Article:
It might be suggested that those seeking to “defund the police” be made aware more forcefully of that point that police are usually at the scene of accidents or crises before the medics arrive and thus their services in such situations are vital, possibly even to the survival of victims.

The pushback against defunding the police may be getting underway, at least if the comment by New York mayoral candidate Eric Adams, a black former NYC police officer who see himself as the pro-public safety candidate who seems police as part of the solution. is any indication.

In an interview with New York Magazine published Tuesday, Adams said the "defund the police" movement is led not by people of color in the Big Apple, but rather by young white professionals.

Reflecting on her time guiding the Seattle Police Foundation, Mathers said:  “It was truly an honor to work with the many amazing men and women of SPD. I saw only big hearts and dedication to serving a community and improving lives. After seeing the evil of mankind perpetrated daily, they got up every day to face it again and pray they returned home safely to see their families again.”

Both are undertaking their roles confident that they’ll get more yes than no responses as they go about their fundraising duties in the Bellevue community.

 
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Four reporters who challenged WMD justification for Iraq War to be honored

Shock Wave Movie Shock Wave Movie: A 'fake news' tale to justify a war

Editor's note: Although “fake news” has, for some, become a way to disparage the accuracy of news reports, support for two of the nation’s most disastrous conflicts was built on “fake news” fashioned by no less than the men who were presidents.

I was reminded of that with word of an event this week to honor four reporters whose continuous challenge to the President George Bush administration’s claim of weapons of mass destruction (WMD) to justify the preparations for the March 2003, invasion of Iraq to topple Saddam Hussein brought them to ridicule from journalistic peers and public criticism.\\

Perhaps second only to Lyndon Johnson’s creation of what became known as the Gulf of Tonkin incident to get the backing of Congress to wage the Vietnam war as he saw fit was George W. Bush’s masterful creation of the need to deal with Hussein’s alleged stockpile of WMD.

But this column is not to focus on the public manipulation by presidents but on the importance of journalistic courage to counter such efforts as a pillar of Democracy.

Rather the occasion is that the four reporters, including my friend Joe Galloway, who were covering the preparation for war from the Washington bureau of Knight-Ridder Newspapers, will receive the Defenders of Liberty Awards from an organization called the Committee for the Republic. Also honored will be the 2017 movie about the four called Shock and Awe, a drama conceived and directed by Rob Reiner, who also co-starred as John Walcott, the newspaper chain’s Washington bureau chief.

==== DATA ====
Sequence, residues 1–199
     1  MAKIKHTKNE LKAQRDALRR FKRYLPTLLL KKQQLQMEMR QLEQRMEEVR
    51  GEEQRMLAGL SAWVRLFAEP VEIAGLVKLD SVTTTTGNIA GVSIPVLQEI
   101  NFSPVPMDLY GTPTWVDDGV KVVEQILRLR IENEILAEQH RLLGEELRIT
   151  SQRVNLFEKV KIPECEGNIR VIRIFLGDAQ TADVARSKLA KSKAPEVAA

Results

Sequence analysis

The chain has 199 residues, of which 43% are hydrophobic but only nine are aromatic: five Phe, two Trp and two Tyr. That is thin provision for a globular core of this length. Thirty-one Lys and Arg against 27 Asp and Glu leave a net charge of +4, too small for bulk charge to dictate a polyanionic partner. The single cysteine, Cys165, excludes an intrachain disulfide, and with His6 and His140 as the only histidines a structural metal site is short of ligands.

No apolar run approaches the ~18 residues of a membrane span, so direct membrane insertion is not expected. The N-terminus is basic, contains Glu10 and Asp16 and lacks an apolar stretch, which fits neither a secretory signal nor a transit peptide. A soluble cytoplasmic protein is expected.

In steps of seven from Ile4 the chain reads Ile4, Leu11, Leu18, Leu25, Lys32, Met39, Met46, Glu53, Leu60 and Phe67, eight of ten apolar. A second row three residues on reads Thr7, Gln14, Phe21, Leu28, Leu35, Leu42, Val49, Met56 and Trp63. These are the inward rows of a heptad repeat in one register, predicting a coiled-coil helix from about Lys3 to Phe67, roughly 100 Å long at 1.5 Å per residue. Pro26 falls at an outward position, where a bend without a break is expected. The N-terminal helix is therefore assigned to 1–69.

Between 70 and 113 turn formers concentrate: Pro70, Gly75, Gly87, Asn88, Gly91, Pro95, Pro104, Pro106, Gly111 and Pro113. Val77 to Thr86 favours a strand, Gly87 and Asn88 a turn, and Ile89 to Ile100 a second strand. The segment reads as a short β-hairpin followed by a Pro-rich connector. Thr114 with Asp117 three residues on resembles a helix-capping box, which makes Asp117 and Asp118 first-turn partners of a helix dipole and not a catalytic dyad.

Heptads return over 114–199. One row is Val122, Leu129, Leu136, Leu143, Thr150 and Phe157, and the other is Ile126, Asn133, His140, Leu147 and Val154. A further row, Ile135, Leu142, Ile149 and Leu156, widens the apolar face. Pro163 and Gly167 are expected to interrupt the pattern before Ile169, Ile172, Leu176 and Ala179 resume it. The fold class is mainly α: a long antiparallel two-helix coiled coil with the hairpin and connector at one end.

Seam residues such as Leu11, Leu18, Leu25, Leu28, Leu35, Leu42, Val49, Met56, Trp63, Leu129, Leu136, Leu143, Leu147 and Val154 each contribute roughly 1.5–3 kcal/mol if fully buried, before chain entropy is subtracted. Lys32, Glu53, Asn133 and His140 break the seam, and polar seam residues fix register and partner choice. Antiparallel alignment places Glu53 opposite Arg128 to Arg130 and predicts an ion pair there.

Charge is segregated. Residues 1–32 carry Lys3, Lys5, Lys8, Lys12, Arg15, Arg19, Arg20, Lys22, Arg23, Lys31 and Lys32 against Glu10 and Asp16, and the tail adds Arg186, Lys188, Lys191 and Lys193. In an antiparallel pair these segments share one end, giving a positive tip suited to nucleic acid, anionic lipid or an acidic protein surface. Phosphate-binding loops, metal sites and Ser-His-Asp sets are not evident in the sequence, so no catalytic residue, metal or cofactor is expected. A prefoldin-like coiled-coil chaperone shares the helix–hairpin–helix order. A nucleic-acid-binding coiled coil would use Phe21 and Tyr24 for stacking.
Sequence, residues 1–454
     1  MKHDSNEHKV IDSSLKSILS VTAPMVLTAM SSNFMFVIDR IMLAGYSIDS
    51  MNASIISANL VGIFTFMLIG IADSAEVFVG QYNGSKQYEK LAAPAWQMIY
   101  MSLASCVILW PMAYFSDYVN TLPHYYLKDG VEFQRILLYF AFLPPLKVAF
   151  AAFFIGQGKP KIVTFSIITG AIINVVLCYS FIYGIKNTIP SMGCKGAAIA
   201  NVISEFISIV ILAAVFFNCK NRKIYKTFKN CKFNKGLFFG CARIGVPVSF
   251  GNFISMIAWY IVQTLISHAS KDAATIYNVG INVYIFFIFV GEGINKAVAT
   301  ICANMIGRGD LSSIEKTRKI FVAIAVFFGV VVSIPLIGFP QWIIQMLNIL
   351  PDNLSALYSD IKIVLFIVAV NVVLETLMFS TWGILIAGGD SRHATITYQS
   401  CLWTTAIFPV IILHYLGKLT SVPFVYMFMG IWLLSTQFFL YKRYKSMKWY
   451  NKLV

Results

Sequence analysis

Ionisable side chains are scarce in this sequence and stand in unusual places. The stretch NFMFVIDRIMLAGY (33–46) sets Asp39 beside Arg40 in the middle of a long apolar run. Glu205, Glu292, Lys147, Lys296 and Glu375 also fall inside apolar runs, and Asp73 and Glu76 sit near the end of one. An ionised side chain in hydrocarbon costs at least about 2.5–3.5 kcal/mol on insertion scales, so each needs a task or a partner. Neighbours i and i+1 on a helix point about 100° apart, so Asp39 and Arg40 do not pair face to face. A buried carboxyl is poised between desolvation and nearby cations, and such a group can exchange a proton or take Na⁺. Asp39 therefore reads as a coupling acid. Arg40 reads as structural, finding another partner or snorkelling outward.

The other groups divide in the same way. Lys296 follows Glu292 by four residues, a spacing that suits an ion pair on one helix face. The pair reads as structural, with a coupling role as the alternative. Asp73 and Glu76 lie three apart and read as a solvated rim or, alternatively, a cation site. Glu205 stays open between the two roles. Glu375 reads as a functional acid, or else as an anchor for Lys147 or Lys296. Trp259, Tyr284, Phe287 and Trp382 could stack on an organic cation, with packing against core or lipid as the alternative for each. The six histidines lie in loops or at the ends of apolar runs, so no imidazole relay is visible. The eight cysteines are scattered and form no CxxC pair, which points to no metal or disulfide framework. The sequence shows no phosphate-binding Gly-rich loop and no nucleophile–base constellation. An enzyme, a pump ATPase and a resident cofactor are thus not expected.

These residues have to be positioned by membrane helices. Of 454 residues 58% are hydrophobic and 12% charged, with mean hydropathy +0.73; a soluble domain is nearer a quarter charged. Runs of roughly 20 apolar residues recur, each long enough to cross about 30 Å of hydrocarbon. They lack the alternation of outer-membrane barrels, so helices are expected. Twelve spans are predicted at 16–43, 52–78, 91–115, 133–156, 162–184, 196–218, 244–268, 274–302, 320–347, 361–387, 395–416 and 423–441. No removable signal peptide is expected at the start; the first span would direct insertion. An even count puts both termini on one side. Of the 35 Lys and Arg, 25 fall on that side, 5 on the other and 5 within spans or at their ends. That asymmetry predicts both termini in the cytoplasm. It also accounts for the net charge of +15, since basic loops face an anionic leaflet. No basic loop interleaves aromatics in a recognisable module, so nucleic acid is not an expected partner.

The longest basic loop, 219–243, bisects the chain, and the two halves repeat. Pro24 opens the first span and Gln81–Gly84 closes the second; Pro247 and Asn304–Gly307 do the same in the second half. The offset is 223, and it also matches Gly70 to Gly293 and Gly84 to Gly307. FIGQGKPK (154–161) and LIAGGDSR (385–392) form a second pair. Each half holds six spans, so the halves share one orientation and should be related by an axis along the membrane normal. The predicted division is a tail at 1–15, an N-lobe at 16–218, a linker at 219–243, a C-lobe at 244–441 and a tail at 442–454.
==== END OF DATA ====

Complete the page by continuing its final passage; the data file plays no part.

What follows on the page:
I am using the occasion of the honor to reprise a column I did when the movie came out three years ago, again because journalistic integrity and courage need to be shared to be appreciated. Encouraged. And sustained.

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As I wrote in that March 2017, column, it's perhaps appropriate that a degree of attention has focused on a movie about four professional journalists who were certain, in the face of all the forces arrayed against them, that President George Bush and his administration had concocted a "fake news" tale to justify a war in Iraq.

The movie is Shock and Awe, the title drawn from the campaign of that name created by the leaders of the Bush Administration in preparation for the invasion of Iraq in 2003, a plan built on the premise that Saddam Hussein had stockpiled weapons of mass destruction. Of course, the term "fake news" wasn't part of our culture then, especially being applied to a president.

The movie, conceived and directed by Rob Reiner, has been described as "the politically charged story" about the four reporters from the Washington, D.C., bureau of the Knight-Ridder newspaper chain who first looked into the Bush Administration's attempts to tie Saddam to the 9-11 terror attack. Thereafter their some 80 stories followed a theme that the allegations of WMDs were intentionally inaccurate.
 
The understandable support for Bush and his build-up for the war from the general public and others was the nation’s need for some cathartic revenge against someone for 9/11, thus the focus on Hussein in the year following that disaster toward the attack on Iraq in March of 2003.

One of the four reporters was iconic Vietnam correspondent Joseph L. Galloway, then more than 35 years into his career covering wars and those who fight them and thus the voice of experience that the two younger reporters, Jonathan Landay and Warren Strobel, turned to for help in finding their way through the fabrications formed to keep the nation focused on the need for war with Iraq.

It is because of my friendship with Galloway, both of us alums of the news service UPI, and because many in the Seattle area came to know him during his two visits to do Vietnam veterans interviews and several interviews he and I did, including the Seattle Rotary, that I decided to do a Harp about the movie.